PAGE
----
The gold standard is indirect calorimetry with a supply limited to 100% of the calculated value. In the absence of indirect calorimetry, the Harris-Benedict equation with a factor of 1.3–1.5 affords an approximate idea of the caloric requirements. In burn cases, the Toronto equation8 (Table 1) seems to be the best option, though other formulas have also been used, such as the Carlson equation9 or 25kcal+(30−40kcal×% burned body surface area).10

Table 1.

Toronto formula used in adult major burn patients.

−4.343 + (10.5*burned surface%) + (0.23*caloric intake) + (0.84*HB) + (114*T) − (4.5*days elapsed) 

HB: Harris-Benedict equation; T: temperature.

In the management of these patients, the three key elements of metabolic support are control of the hypermetabolic situation, of muscle consumption and of stress hyperglycemia.2 An adequate protein supply will not always be possible with the usual formulas, and in such situations protein supplements will prove necessary.

What is the most advisable administration route in these patients?

Feeding via the enteral route is advised, even using the postpyloric route, in the very early stages (first 6h) of injury,1,11 and preferably as close as possible to the jejunum. Use of the parenteral route should be considered if necessary to ensure the required nutrient supply. When correctly used, this technique is safe.12 The high metabolic demands of burn victims may require combined utilization of the enteral and parenteral routes.13

Do diets enriched with glutamine and other pharmaconutrients play a role?

Glutamine (Gln) supplementing in the critically ill is subject to controversy resulting from the Redox trial,14 which proves inappropriate, the Signet study,15 which is insufficient, and the Metaplus trial,16 which only reports adverse effects, with an objective not established in the design and involving a subgroup of medical patients. Burn and/or polytraumatized patients constituted a minority presence in all of them.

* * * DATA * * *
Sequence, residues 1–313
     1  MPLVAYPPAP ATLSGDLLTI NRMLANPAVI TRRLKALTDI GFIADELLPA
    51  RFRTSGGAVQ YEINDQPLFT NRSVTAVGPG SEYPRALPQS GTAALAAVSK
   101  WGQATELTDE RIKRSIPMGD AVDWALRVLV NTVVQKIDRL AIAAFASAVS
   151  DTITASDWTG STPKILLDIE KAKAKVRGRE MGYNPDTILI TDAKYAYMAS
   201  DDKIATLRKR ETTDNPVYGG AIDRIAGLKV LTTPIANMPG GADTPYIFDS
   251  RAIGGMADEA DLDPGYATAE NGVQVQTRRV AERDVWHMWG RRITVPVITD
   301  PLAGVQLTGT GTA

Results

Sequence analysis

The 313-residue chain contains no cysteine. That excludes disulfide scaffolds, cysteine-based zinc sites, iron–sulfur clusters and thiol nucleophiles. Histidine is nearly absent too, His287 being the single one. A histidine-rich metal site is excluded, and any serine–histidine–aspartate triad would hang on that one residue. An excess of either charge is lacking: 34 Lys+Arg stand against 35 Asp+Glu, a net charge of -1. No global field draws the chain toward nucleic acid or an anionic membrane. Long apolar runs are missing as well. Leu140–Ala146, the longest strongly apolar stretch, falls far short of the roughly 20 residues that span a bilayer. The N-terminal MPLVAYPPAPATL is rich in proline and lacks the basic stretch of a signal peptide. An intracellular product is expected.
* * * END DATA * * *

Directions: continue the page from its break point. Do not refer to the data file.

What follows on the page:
Consideration of the use of such enrichment measures is recommended in trauma and burn victims. It is advisable to determine their plasma levels, use an adequate dose (0.2–0.5g/kg/day),17 with early introduction, and continue administration for a period of over 5 days.

Glutamine favors a decrease in infections, a shortening of hospital stay,17 and lesser in-hospital mortality.18,19 Its intervention in the production of heat shock proteins, the regulation of hyperglycemia, action upon the immune cells and participation as an antioxidant are the suggested mechanisms underlying its beneficial effects in the critical patient.19,20 However, all this is subject to correct compliance with the known conditioning criteria, such as the absence of multiorgan failure (particularly in the presence of acute renal failure), dosing, treatment duration and use of the parenteral route. According to the available data, patients with diminished plasma Gln levels that are able to increase these levels once supplementing has started are the individuals that benefit most.21

Arginine is involved in hormone release, the reduction of insulin resistance and in the healing process, with action upon the blood vessels via the nitric oxide pathway, and has other known effects in surgical patients. As a result, it is very likely to offer benefits in critical burn and trauma patients - though specific studies in these fields are lacking.22–24 With regard to the use of omega-3 fatty acids, there is no strong evidence warranting their administration in patients of this kind,25,26 though their immune modulating effects could justify their use.